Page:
Life Of Pi | Yann Martel

This is a great and fun book for 5H and 5V/6V kids a can lead to fun discussions on the book

exam, since Pi has several religions and there's the "eat or be eaten / kill or be killed"

principle in the novel. Also, this seems rather important to them, it's easy to read and has now

been made into a major motion picture. 


Summary

Life of Pi has three parts. In the first main character, Pi, an adult, looks back upon his childhood. Piscine

Molitor Patel ("Pi") was named after a swimming pool. He changed his name to Pi when he started to

attend secondary school, because he was tired of being mistakenly called "Pissing Patel." His parents

owned a zoo. He was born a Hindu, but as the fourteen-year-old came into contact with Christianity and

Islam he started to follow three religions. He tried to understand God through the lens of each religion,

and came to recognize the benefits of each. Eventually, his family decided to move to Canada for

political reasons.

 

In the second part, the boat carrying Pi and his family plus most of the animals in their zoo to Canada

sinks and Pi ends up with a Bengal tiger named Richard Parker, a hyena, a zebra and an orangutan in a

small lifeboat. The Bengaltiger is named so because of a clerical error. The tiger was actually caught by

a British National called Richard Parker, but while documenting it, the zoo worker notes down that as the

name of the tiger. All the other humans and animals that were on the boat drown in the ocean. The

zebra's leg is broken when it jumps into the lifeboat from the sinking ship and hence is unable to move.

The hungry hyena tears off the zebra's leg and spends the next several days eating the zebra bit by bit.

Then the hyena kills the orangutan named "Orange Juice", even though she was not a natural prey of the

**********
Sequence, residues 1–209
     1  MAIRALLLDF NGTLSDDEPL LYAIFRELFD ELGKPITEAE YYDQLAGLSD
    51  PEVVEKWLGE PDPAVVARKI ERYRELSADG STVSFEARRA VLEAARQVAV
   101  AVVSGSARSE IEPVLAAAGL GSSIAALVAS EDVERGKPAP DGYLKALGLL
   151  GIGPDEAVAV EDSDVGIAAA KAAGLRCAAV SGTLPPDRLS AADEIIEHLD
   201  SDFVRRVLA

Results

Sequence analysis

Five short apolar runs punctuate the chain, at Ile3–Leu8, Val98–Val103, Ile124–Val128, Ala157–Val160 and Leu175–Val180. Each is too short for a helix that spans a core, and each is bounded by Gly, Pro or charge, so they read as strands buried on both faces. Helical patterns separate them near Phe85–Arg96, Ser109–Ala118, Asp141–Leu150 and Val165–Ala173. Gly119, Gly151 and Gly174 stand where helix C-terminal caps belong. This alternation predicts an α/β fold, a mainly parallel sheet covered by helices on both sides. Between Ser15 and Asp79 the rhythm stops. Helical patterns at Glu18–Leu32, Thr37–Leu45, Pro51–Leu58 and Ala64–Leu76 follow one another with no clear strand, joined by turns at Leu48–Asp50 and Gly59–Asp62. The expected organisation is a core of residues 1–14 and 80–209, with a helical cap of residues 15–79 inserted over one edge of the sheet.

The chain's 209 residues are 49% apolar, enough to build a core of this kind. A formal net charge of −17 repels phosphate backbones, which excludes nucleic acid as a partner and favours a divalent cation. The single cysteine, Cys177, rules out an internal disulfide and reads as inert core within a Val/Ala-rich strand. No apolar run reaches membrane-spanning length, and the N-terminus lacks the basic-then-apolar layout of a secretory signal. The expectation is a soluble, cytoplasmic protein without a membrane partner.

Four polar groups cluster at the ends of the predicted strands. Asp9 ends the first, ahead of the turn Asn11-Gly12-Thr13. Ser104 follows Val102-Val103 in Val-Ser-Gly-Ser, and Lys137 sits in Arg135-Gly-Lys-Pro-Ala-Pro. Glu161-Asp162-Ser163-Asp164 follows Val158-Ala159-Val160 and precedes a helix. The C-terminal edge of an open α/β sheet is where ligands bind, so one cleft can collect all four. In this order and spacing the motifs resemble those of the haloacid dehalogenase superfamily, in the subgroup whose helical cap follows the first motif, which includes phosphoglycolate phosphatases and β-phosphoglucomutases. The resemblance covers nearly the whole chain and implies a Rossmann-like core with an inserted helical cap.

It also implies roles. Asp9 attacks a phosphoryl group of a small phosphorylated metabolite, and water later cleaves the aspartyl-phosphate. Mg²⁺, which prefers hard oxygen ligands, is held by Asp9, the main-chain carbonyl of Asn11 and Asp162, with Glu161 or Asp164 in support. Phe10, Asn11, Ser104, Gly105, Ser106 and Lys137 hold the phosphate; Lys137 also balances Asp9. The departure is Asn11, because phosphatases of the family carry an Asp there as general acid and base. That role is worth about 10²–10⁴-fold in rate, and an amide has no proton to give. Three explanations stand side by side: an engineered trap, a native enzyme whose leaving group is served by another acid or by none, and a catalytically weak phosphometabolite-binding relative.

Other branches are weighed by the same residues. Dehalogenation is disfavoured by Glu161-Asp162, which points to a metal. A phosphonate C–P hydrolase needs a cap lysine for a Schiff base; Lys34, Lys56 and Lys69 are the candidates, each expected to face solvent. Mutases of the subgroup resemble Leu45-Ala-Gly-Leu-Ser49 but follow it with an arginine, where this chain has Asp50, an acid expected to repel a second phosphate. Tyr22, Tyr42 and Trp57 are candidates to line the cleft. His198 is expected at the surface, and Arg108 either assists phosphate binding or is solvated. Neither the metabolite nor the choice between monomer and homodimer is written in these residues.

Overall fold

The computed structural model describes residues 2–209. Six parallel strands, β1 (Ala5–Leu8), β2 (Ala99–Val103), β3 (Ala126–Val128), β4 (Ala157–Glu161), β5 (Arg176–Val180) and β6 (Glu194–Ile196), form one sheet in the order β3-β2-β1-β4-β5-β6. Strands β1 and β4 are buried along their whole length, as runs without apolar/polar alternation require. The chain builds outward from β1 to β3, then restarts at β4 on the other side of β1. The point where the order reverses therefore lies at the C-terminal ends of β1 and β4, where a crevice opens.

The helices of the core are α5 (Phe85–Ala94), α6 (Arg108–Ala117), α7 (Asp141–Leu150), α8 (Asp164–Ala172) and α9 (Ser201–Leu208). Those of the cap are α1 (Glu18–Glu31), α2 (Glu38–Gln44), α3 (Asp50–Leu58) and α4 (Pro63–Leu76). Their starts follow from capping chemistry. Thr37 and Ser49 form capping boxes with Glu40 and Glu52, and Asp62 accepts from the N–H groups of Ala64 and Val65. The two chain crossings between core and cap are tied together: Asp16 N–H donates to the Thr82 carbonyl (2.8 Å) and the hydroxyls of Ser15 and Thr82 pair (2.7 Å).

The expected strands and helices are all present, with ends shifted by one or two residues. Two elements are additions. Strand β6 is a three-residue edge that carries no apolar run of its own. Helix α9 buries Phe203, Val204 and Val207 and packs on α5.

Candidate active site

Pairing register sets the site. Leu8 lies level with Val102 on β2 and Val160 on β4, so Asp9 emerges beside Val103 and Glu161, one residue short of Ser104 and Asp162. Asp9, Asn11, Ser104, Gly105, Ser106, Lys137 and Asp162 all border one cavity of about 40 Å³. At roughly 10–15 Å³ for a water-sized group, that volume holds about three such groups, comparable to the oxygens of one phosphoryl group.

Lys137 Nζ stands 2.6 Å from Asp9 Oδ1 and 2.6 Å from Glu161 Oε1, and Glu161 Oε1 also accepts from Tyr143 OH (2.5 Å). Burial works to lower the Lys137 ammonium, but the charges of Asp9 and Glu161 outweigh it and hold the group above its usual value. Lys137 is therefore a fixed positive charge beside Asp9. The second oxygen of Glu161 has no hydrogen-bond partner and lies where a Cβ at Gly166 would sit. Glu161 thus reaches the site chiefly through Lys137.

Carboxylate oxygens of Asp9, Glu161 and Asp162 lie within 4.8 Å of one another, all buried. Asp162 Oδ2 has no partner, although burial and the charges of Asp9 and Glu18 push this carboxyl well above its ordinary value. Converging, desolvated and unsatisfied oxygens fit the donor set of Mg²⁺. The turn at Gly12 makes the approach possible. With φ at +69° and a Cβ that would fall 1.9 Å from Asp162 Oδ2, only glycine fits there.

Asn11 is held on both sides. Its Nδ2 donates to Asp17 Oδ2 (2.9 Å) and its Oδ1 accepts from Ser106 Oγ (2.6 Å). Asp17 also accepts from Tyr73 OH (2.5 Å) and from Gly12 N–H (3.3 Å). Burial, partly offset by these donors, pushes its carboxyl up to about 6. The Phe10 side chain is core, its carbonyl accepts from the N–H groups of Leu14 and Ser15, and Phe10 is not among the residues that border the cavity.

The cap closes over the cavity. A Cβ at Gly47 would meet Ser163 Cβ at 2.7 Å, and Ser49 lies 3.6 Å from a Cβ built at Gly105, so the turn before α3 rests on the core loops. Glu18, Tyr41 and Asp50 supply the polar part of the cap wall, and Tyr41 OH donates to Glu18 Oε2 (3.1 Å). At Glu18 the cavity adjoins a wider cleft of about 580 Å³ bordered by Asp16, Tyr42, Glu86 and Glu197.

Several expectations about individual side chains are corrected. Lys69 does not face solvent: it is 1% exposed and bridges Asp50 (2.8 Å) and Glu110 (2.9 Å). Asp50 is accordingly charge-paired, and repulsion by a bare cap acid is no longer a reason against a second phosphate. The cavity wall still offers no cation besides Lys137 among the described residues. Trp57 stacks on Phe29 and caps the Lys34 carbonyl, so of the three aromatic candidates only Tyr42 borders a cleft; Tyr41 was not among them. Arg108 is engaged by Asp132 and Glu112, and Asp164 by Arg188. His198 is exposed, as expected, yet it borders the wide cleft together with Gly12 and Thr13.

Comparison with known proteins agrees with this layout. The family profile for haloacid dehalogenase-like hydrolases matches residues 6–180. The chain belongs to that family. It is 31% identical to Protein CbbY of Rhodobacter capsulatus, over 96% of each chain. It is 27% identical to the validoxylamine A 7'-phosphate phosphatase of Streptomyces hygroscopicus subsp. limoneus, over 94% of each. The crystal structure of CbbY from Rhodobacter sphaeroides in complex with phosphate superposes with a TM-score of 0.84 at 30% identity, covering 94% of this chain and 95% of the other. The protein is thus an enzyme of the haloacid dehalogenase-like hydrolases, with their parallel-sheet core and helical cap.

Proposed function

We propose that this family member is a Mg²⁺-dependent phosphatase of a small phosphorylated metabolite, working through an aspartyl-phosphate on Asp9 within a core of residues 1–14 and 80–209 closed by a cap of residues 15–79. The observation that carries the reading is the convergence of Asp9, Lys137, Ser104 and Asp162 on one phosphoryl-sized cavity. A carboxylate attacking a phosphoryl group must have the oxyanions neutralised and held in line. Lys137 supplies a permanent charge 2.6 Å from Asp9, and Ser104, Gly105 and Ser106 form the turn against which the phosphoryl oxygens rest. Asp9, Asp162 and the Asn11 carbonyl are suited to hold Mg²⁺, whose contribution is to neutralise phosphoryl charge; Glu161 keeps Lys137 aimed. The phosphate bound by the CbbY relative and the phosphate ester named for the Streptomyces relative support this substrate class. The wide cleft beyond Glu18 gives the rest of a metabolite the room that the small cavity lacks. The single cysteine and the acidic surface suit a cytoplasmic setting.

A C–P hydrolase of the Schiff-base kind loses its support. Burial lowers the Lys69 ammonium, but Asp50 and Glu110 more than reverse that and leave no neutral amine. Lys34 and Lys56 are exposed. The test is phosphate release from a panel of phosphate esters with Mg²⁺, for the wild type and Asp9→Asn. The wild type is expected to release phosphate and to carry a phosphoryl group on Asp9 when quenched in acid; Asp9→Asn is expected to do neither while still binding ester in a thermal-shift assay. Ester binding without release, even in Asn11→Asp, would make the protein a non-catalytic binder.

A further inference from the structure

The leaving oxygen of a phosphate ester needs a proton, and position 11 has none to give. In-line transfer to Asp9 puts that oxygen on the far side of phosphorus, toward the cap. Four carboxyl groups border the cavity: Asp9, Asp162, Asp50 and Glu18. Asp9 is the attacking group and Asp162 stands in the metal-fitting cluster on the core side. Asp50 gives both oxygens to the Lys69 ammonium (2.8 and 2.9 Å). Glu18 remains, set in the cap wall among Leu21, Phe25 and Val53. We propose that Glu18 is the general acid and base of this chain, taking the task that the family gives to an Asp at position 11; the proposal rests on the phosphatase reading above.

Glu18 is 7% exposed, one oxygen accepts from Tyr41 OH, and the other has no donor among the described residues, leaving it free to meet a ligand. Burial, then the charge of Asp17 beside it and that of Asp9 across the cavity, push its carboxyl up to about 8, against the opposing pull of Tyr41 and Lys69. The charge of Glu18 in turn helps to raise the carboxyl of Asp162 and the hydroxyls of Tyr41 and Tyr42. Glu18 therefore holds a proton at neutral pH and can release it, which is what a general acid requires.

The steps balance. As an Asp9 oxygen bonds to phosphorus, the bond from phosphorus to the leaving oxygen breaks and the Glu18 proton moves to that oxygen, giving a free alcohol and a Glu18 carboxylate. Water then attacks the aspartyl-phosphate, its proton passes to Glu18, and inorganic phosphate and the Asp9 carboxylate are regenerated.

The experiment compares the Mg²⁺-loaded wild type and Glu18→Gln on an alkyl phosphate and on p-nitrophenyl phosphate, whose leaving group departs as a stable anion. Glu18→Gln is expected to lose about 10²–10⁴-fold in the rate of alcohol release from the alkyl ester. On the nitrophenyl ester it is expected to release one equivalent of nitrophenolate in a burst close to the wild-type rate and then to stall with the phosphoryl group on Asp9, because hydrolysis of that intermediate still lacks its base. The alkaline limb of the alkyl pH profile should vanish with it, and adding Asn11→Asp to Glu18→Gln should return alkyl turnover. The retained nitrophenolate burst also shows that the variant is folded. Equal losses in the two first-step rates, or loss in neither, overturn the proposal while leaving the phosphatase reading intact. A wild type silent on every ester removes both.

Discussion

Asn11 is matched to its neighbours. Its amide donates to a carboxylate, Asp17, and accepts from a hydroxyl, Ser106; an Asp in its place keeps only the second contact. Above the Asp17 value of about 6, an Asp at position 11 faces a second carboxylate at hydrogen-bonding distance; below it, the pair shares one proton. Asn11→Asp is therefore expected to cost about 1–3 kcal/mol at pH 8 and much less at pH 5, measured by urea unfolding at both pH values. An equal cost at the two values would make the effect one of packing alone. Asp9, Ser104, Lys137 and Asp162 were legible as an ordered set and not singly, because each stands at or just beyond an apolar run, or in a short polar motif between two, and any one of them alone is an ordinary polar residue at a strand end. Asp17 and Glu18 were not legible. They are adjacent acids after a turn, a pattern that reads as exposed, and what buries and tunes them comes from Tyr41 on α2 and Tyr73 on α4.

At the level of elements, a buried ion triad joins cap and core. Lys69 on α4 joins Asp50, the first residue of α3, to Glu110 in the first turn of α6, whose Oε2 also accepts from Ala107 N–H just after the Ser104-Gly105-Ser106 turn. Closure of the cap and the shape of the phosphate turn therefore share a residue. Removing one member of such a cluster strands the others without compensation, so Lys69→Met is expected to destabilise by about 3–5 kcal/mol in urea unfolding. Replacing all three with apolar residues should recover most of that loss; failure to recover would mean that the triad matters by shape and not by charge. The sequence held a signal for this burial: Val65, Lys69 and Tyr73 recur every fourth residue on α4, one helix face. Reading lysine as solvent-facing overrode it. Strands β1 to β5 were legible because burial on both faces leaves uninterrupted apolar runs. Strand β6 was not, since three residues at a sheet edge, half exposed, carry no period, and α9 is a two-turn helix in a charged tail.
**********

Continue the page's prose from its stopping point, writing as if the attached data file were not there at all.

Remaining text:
hyena. Eventually Richard Parker kills the hyena after a fierce battle for territory. The hyena is eaten by

the tiger. This leaves Pi as the only other survivor along with the tiger. Food and water supplies start

running low after a month since the lifeboat was designed to sustain 32 people for a day or two. Pi starts

fishing to get food for him as well as Richard Parker, whom he keeps fed so that he won't eat him alive.

He also wants to keep him alive so that he will not be all alone on the ocean. "The very thought of being

alone is worse than being stranded on a lifeboat with a 450-pound tiger" he thinks. Pi ensures, with his

knowledge as the son of a zoo-keeper, that Richard Parker believes Pi is the alpha animal and therefore

doesn’t attack the boy. 227 days pass and Pi manages to stay alive. Pi is sometimes half in delusion,

and thirst and hunger are ever-present. He's forced to eat cigarettes, turtle and even a shoe. After 227

days the lifeboat reaches the coast of Mexico.

 

(Accidentally, 22 divided by 7 is a common approximation of pi).

 

The third part is a conversation between two people from the Japanese maritime department. They want

to know what might have gone wrong with the ship, so they ask Pi for his story, but they don't believe it.

He tells another story, in which the orangutan is his mother, the zebra is a sailor with a broken leg, and

the hyena is a cook who killed Pi's mother and ate the sailor. Richard Parker is Pi himself.

Pi asks the two people which of the two stories they prefer. The people say they prefer the story with the

animals.

 

Books To Read | 6VWO [3 lesson project]
Book Exam English | 4Havo